Industry observer Edward J Correia wrote a nice piece recently on SugarCRM (News - Alert), specifically
on the ability to track Gmail messages about specific features and bugs from within your defect tracking system. You can do that “if you’re using the open-source SugarCRM,” he writes, “thanks to a team of Italian developers that launched DolceGmail
The new plug-in for Firefox, Correia writes, links Google’s (News
) browser-based e-mail system with SugarCRM, “allowing users to add contacts, e-mail messages and attachments from Gmail directly to their SugarCRM system.”
“SugarCRM is a business application framework with a CRM app on top,” Clint Oram, vice president and co-founder of SugarCRM told Correia. “We have tools for building new modules on top, and you might not even use the CRM aspect. Customers can build new objects specific to their business.”
Oram told Correia the system is most commonly used for keeping track of bugs and feature requests, but can be used in lots of other ways. “Let’s say they need to do asset management...you have hardware you keep track of in Excel and have trouble tickets for those assets,” he said. Such a system could be built on Sugar in about a day, Correia says Oram claimed.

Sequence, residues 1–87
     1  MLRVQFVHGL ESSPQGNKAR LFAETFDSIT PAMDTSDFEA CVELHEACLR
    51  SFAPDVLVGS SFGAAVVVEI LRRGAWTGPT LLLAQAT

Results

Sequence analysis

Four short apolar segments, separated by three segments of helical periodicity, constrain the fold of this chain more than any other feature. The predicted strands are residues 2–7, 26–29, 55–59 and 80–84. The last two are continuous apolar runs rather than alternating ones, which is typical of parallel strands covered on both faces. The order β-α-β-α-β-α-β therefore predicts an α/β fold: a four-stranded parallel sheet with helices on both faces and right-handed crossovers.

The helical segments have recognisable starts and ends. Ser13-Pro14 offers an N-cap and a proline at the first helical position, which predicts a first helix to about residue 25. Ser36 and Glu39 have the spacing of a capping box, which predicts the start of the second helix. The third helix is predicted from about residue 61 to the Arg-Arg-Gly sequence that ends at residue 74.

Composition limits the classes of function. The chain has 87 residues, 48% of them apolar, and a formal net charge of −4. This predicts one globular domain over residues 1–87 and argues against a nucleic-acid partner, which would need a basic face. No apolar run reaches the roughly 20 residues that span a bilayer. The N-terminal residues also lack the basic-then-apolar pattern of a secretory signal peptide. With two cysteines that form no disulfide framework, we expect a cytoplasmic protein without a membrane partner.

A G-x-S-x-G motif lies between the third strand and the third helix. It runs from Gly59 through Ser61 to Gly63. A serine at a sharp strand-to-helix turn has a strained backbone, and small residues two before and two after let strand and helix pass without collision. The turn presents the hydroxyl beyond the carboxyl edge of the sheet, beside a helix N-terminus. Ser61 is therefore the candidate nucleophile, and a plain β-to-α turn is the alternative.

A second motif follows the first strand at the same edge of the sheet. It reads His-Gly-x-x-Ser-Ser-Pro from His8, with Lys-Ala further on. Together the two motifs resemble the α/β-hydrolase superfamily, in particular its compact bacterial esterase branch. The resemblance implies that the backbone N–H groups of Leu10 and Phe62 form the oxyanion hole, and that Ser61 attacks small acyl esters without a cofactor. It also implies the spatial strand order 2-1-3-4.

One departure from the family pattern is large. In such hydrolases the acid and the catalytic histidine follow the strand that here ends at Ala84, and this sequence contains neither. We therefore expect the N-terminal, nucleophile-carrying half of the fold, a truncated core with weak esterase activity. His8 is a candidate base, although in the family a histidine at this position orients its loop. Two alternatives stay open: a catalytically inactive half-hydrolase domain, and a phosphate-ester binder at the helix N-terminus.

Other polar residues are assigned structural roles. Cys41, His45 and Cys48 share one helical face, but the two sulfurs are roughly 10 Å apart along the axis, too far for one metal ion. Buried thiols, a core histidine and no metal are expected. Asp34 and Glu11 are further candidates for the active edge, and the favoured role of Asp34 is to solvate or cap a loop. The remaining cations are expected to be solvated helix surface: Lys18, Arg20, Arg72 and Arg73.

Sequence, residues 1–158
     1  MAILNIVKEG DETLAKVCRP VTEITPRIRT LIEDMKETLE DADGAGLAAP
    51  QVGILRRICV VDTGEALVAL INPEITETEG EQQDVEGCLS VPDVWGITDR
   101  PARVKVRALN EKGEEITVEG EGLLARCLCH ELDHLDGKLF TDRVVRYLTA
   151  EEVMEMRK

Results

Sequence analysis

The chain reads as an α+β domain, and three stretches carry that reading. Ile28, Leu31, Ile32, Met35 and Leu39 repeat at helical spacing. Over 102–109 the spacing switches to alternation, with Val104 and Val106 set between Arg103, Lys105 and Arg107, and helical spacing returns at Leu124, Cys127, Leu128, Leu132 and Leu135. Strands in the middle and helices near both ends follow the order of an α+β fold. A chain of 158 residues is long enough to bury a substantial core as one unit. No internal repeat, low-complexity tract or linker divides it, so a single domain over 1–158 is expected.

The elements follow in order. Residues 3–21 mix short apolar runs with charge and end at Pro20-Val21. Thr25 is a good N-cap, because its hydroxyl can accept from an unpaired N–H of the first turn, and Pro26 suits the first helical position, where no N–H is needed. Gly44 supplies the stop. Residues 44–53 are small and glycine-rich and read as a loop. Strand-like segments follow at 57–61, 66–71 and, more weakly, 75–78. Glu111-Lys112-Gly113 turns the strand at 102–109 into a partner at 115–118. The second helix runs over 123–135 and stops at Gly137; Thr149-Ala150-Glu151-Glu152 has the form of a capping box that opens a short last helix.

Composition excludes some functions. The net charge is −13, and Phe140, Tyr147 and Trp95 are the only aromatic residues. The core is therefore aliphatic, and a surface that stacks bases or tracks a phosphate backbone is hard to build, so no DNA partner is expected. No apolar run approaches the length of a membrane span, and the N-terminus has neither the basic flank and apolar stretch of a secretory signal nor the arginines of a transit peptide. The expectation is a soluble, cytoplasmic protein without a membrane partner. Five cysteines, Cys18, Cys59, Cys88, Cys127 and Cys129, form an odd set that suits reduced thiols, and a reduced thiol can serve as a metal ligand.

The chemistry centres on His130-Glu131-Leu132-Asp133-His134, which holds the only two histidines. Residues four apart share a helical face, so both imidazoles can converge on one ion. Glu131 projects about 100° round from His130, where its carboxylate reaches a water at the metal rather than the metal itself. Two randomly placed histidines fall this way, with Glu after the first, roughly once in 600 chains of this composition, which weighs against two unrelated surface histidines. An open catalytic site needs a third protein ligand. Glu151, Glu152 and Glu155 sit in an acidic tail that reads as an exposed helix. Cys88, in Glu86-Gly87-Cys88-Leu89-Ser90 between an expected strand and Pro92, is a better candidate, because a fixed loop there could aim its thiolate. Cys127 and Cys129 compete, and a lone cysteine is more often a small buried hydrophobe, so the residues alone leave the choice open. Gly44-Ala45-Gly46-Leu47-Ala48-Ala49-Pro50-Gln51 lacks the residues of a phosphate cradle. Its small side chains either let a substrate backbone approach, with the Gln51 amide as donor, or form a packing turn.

DolceGmail, the article says, was built by developers at OpenLiven
, a small IT services and development company in Italy that tracks customer contact using SugarCRM. “OpenLiven had lots of customers using Gmail, so they built a plug-in connecting Firefox and Gmail APIs to ours,” said Oram. “Now they can keep track of all e-mails from specific customers and relating to specific projects.”
Correia notes the project was named “Project of the Month” by SugarCRM.
In August, TMC
reported that SugarCRM had announced the general availability of Sugar 5.1, which included new reporting and wireless capabilities for SugarCRM.
The reporting and analytics engine provides SugarCRM users with "improved insight into sales effectiveness and customer behavior," company officials said, adding that the "revamped wireless capabilities" allows SugarCRM to be used on mobile phones, including support for the BlackBerry and iPhone (News
SugarCRM's commercial open source model invites the download and inspection of source code by users, developers, customers and partners, on the theory that this produces a higher quality product than possible in proprietary development models.
David Sims is a contributing editor for TMCnet. To read more of David's articles, please visit his columnist page. He also blogs for TMCnet here.
Edited by Stefania Viscusi